By Jessica Bovee
On my way to my afternoon class, I walked by a woman who gently grazed my arm. “I’m sorry,” she turned around to say, and with a smile we both continued walking forward. After this, I kept thinking to myself that I should have apologized just as she did, but it was already too late. While not a very pivotal moment in my day, it’s one of the many examples of the incessant apologies from women that has led to the gender debate.
Why are women apologizing so much? Well, there are multiple opinions as to why the woman appears to say sorry more than their male counterparts. Rachel Simmons, in Time Magazine, explained that “women know they have to be likable to get ahead. Apologizing is one way to make yourself more accessible and less threatening.” Being a college-age woman, I have always assumed apologies were necessary, it’s what we’re taught at a very young age. If we do something “wrong,” we make it right, or maybe we over-apologize.
In the workplace, women are more inclined to say sorry in order to appear like a good person. Not only this, but most people, women especially, do not want to come off as aggressive or impolite. To many the apology serves as a kind filler-word that offers respect to another person.
Some women use an apology as a cue, whether they feel apologetic or not, but it can be a woman’s way of looking for an apology by passively gesturing for respect. Through apologizing, women may hope to find empathy with another person, but this often does not run true with men. A man may not catch the cue of a woman apologizing for getting in his way, but instead, go on giving the exchange no further thought because they thought it an action unworthy of an apology.
For some women, an apology indicates a gap in confidence. Katty Kay and Claire Shipman, in The Atlantic, wrote a piece on how women don’t feel ready for promotions, think they’ll do worse on tests, and underestimate their abilities in comparison to men. There are speculations that this could be because of gender inequity, or because of the belief that women tend to be overly emotional and try to make themselves seem smaller.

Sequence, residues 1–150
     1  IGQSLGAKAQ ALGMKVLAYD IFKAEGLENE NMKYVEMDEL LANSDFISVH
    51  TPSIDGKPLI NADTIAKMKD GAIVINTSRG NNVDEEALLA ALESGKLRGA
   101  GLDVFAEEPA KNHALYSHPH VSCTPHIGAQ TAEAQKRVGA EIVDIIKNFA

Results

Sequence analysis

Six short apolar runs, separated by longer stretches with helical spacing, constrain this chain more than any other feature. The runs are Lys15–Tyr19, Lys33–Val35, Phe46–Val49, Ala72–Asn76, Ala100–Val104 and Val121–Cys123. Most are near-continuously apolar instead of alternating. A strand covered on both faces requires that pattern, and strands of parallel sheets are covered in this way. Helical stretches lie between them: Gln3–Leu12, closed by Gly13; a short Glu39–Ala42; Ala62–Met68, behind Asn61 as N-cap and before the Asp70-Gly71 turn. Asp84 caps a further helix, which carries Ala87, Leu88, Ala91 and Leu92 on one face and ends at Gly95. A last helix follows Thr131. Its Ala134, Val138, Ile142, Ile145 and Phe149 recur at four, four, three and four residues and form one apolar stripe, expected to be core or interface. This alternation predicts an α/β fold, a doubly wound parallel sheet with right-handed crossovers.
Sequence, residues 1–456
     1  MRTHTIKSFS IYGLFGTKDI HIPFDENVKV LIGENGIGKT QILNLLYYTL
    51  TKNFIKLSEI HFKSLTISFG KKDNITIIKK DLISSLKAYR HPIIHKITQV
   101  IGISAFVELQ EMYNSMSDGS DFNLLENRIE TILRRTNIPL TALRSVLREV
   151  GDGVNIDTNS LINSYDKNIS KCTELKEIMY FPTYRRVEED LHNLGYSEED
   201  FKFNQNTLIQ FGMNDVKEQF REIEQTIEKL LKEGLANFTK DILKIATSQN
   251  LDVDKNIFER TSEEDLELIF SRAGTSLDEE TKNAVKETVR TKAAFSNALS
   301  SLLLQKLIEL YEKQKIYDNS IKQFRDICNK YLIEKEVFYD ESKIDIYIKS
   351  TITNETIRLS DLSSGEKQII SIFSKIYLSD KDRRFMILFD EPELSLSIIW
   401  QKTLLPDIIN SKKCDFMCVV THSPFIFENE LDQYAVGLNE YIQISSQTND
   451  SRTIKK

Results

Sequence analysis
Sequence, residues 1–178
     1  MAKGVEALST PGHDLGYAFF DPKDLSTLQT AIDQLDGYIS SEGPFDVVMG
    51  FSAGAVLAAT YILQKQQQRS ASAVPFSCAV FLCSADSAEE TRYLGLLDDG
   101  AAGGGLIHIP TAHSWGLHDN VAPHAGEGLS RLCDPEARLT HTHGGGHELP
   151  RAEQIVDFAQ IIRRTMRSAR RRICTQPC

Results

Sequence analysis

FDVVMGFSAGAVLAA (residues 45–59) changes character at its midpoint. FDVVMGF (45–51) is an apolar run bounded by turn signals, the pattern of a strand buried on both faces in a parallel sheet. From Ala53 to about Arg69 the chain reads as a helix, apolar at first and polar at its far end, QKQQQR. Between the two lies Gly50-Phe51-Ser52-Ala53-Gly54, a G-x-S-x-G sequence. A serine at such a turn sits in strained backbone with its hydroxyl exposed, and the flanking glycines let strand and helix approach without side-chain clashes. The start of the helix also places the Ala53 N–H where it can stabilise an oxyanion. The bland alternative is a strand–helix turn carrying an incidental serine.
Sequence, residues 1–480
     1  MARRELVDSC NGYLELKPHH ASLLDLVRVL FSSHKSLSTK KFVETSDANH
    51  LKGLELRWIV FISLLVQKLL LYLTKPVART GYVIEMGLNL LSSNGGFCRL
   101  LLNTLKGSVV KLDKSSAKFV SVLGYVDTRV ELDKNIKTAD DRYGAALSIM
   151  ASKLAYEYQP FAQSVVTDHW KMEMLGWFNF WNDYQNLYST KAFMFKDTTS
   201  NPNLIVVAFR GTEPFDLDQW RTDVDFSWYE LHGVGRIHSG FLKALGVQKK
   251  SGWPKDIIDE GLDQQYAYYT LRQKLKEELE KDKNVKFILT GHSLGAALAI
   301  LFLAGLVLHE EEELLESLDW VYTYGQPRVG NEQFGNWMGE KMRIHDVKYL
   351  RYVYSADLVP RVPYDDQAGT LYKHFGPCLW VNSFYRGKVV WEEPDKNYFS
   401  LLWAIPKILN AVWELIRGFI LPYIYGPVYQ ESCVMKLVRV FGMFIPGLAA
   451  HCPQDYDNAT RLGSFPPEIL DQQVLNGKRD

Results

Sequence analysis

Pantene released a commercial in 2014 showing women apologizing unnecessarily. The ad showed multiple situations, whether it was a man interrupting a woman, or a man taking a seat and “man-spreading” into a woman’s space. This commercial has received a lot of attention by bringing up a problem not regularly discussed. When our shampoo ads start making social statements, there must be something truly wrong.
Shampoo isn’t the only thing fueling the discussion. A 2015 sketch from Inside Amy Schumer showcases a panel of successful women apologizing repeatedly for everything, from small inconveniences all the way to dying on stage. This humorous piece speaks to the real problem women like me can relate to.
This is not to say that men are disrespectful or unapologetic and that all women are timid and simply making up for the lack of remorseful men. According to Live Science, men do not try to avoid admitting their wrongdoings, but rather they have a higher threshold for what warrants an apology. When the woman grazed my arm on my way to class, we both decided this action was worthy of an apology; however, this may not hold true for men.
Maybe the apology translates to “excuse me,” or maybe it’s a polite way of asking someone to reciprocate the regret. Nevertheless, we shouldn’t continue this behavior. Instead, when we’re late to lunch don’t say sorry, let’s thank them for waiting. When the waiter messes up our order, politely ask for what we initially asked for.
Refinery 29 conducted an experiment with 3 women in their company, having them count the amount of times they said sorry in one work day. The numbers ranged from 9 times all the way to one who said sorry 47 times in the 24 hour period.
It seems crazy to think of someone apologizing so much in one day. They can’t be committing so many wrongs requiring this kind of reparation. To see where I stood between 9 and 47, I decided to keep track of how many times I said sorry to someone in one day. I counted myself saying it around 8 times. All of them were not because I had done something wrong, but I used it a lot when I felt I was encroaching on someone’s space or when I was trying to get someone’s attention.
We should not perpetuate an image that makes us appear smaller or less worthy. We should try to be strong and confident in our abilities. Considering others’ feelings is essential, but we should apologize only when we are in the wrong and the situation requires the words, “I’m sorry.”